Love this article in the St. Louis Post-Dispatch:
On Thursday (December 8) two totally different events happened in St. Louis:
- Albert Pujols announced he was taking the money ($254 million), departing the St. Louis Cardinals (after 11 years).
- Bobby Donovan was recognized for 50 years work with Pepsi ... yes, all 50 years with the same company.
In the article, columnist Steve Giegerich (firstname.lastname@example.org) points out the statistics
- The most recent survey by the Bureau of Labor Statistics pegs the average tenure of a salaried U.S. worker at 4.4 years.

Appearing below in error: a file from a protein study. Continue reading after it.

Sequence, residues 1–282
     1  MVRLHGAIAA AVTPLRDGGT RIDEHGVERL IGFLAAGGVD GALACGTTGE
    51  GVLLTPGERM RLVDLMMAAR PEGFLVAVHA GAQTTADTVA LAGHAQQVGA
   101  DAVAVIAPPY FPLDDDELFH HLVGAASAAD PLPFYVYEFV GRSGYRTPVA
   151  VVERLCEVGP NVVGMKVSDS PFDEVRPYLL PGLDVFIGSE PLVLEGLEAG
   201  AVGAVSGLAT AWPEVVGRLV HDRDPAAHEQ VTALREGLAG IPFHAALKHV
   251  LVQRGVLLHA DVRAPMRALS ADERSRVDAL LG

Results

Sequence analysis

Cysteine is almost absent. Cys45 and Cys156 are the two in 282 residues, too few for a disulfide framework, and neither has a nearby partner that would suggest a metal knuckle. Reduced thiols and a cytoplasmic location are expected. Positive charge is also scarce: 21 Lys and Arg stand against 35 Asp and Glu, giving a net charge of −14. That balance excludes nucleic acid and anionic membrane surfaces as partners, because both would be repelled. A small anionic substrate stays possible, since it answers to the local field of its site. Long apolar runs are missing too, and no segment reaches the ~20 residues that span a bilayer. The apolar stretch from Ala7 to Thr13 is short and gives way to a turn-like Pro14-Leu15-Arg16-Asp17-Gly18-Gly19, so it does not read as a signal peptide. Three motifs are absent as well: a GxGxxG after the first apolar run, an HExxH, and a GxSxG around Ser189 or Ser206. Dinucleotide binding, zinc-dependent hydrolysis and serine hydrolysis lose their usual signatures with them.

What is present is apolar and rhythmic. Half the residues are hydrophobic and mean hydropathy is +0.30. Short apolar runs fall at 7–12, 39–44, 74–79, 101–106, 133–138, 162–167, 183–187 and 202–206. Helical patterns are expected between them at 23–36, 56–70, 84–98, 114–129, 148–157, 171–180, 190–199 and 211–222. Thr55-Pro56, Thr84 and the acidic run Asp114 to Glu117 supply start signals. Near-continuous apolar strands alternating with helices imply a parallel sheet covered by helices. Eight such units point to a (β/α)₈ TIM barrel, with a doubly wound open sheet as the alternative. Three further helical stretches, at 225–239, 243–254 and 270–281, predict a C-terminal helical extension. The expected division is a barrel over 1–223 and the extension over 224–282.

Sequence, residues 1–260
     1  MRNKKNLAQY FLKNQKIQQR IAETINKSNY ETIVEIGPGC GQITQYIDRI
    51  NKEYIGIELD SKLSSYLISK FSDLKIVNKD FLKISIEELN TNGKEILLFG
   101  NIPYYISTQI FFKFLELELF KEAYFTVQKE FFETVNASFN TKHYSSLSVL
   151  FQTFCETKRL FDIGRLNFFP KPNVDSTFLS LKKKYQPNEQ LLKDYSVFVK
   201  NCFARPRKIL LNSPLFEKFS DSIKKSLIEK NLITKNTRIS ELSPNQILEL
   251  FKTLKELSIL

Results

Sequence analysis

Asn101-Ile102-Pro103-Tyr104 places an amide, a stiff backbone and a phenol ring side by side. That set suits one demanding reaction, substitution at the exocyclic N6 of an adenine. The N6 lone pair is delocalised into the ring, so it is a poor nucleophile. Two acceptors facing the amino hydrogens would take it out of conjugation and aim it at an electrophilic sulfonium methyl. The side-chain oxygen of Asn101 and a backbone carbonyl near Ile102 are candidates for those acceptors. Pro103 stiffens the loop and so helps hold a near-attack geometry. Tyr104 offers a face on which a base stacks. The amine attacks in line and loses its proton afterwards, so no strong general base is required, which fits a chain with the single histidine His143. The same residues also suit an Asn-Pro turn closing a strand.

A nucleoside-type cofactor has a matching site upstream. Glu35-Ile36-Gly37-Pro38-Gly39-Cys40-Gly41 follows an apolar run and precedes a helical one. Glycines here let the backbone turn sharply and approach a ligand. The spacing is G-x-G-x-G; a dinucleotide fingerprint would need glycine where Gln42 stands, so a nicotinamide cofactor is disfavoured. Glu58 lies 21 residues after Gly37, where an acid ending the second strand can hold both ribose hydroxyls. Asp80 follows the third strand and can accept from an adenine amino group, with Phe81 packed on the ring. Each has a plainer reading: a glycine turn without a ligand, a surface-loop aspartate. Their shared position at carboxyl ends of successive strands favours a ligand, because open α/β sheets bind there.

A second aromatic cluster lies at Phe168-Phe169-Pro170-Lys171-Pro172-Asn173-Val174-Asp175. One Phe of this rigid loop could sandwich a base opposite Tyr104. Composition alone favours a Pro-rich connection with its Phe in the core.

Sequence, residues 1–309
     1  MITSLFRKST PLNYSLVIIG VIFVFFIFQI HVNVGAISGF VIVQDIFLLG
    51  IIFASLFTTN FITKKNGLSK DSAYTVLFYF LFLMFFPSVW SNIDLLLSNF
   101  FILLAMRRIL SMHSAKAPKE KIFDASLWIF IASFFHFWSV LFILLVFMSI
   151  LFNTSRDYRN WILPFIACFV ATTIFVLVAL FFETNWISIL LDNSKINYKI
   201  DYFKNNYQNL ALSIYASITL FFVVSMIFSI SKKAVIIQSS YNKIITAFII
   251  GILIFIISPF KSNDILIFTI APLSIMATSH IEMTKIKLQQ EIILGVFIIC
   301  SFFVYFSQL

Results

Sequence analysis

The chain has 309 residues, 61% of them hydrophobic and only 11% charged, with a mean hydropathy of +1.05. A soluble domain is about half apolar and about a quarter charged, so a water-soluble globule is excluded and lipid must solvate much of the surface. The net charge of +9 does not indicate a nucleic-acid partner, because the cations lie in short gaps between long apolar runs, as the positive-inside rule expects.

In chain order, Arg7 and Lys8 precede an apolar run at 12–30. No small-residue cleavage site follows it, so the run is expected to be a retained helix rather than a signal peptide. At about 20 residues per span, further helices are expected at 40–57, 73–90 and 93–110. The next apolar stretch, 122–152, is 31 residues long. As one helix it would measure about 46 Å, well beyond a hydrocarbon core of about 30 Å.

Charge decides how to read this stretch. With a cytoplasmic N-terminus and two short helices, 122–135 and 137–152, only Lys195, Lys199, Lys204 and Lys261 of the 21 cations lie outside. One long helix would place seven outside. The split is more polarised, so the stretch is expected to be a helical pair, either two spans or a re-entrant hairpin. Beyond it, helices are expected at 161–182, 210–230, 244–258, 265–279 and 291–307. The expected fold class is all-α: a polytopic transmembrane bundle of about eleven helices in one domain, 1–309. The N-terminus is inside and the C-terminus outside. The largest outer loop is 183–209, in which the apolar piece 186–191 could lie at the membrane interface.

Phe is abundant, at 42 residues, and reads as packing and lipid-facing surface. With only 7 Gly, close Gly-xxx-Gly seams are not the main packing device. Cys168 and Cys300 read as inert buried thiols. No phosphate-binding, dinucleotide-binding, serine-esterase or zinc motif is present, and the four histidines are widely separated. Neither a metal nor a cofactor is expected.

- Another bureau survey shows that those born at the tail end of the baby boom changed jobs, on average, 11 times between the ages of 18 and 44.
In my talks and surveys, I hear many comments that the “younger generation is not loyal to companies (or associations).”
Who taught them to be loyal to themselves rather than their employer?
When folks in the X and Y generations were in their “formative years,” they watched as dad and/or mom (who had worked 25 or 30 years in the same job) were downsized, right-sized, re-engineered or just plain fired as they neared retirement.
Think about that for a while ... we Boomers need to look in the mirror and realize that Xers and Ys learned many of their “bad” habits from us!
Albert (Pujols) chose money over loyalty. He’s a Gen Y. Should we have expected anything less?
PS: if you are interested in employment and job issues, I encourage you to follow Steve on Twitter @stevegiegerich